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By Nick Wakeman

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A recent blog on the top 13 trends in the market – or at least my take on 13 trends and predictions – has elicited some good discussion and comments on our Web site, so we’ve decided to try something new and keep the conversation going.

On Mon., Aug. 23 at 1 p.m., we’ll launch our first Twitter chat. I'll be using our Twitter account, @washtechnology, to moderate. Mark your comments and questions with the hashtag #WT13chat.

Our thought is the immediacy and dynamic nature of Twitter will create a different kind of forum for exchanging comments, questions and insights on what is going in today’s government market. 

The blog has drawn several very insightful comments that I encourage you to read and comment on here on the Web page as well as in our Twitter chat.

Deniece Peterson wrote that I missed an important trend: the human capital issue. “We've seen spending increase significantly (120 percent plus increase in discretionary spending alone since FY2000), but the workforce has remained basically flat. As a result, the federal workforce has been struggling to do the work that facilitated the increase in spending.”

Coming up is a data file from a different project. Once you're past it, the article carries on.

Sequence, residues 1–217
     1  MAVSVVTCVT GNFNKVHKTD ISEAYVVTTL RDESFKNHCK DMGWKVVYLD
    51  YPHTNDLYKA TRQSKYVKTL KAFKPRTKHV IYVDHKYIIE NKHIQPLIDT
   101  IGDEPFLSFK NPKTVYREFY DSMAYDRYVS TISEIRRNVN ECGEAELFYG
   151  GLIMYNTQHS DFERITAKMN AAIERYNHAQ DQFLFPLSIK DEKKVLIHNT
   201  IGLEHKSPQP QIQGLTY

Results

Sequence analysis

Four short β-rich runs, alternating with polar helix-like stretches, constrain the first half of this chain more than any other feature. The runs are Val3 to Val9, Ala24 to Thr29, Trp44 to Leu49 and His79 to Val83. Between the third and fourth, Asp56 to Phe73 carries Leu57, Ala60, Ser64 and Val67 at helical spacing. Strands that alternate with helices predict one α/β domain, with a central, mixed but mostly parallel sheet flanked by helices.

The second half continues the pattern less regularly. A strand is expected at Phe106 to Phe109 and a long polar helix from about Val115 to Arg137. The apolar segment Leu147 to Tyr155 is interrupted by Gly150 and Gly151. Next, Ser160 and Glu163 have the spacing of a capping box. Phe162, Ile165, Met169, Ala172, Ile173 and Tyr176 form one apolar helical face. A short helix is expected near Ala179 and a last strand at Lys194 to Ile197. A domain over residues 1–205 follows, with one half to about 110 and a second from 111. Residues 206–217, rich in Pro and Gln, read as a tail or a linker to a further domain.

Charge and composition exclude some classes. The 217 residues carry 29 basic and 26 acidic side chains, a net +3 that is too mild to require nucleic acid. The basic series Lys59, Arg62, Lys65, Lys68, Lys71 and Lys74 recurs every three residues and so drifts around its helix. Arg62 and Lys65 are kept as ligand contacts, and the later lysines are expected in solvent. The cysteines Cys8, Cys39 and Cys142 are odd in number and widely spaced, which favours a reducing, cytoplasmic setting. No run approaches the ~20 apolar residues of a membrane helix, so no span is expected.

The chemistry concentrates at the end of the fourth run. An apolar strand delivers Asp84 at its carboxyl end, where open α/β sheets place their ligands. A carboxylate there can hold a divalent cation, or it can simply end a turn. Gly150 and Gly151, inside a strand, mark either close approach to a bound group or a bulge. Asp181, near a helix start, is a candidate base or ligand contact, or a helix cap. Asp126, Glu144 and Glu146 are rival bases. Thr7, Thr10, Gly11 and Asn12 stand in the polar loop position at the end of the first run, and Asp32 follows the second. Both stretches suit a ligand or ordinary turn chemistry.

She’s worried with the change in tone and the movement to reduce the reliance on contractors without an increase in federal workers. “If the federal ranks don't expand significantly AND contractors are reduced AND major budget cuts/programs don't occur, then who's going to do all the work?” she wrote.

James George argued that government spending needs to shift to commercial investment to renew manufacturing in America. “It should become a requirement that if you want to service the government as a contractor, you must first demonstrate commercial success,” he wrote.

Leemck02 disagreed with George and said that a shift to commercial spending was equivalent to corporate welfare. That kind of spending should be limited to research and development.

“If companies go back to the basics of quality, then people will come back to them because the product or service will give value in balance for the buck,” Leemck02 wrote.

Michal from Dayton said that my blog missed the discussion about the importance of consistent, clean and uniform data as the basis for improving government operations. “Until the government and its various agencies get their data house in order, everything else will be built on a shaky foundation.”

An anonymous commenter from Virginia said the root of the problems in governments is politics.

“The challenges in federal procurement tend to come from the nature of the federal enterprise itself. The tangle of regulations on procurement mirrors their counterparts in other parts of government processes and grow from the political processes that drive them,” the commenter said.

This is just a sampling of the comments. I hope they spark some discussion so bring your thoughts and ideas to our chat on Monday. Don't forget to follow @washtechnology and use the hashtag #WT13chat.


Posted by Nick Wakeman on Aug 20, 2010 at 7:23 PM


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